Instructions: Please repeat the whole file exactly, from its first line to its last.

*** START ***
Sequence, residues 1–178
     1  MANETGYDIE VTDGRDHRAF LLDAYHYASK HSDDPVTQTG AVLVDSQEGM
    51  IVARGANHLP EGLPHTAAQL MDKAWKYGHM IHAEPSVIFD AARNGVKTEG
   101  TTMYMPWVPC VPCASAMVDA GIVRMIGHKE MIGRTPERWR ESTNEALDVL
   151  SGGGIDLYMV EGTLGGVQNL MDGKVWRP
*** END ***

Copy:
Sequence, residues 1–178
     1  MANETGYDIE VTDGRDHRAF LLDAYHYASK HSDDPVTQTG AVLVDSQEGM
    51  IVARGANHLP EGLPHTAAQL MDKAWKYGHM IHAEPSVIFD AARNGVKTEG
   101  TTMYMPWVPC VPCASAMVDA GIVRMIGHKE MIGRTPERWR ESTNEALDVL
   151  SGGGIDLYMV EGTLGGVQNL MDGKVWRP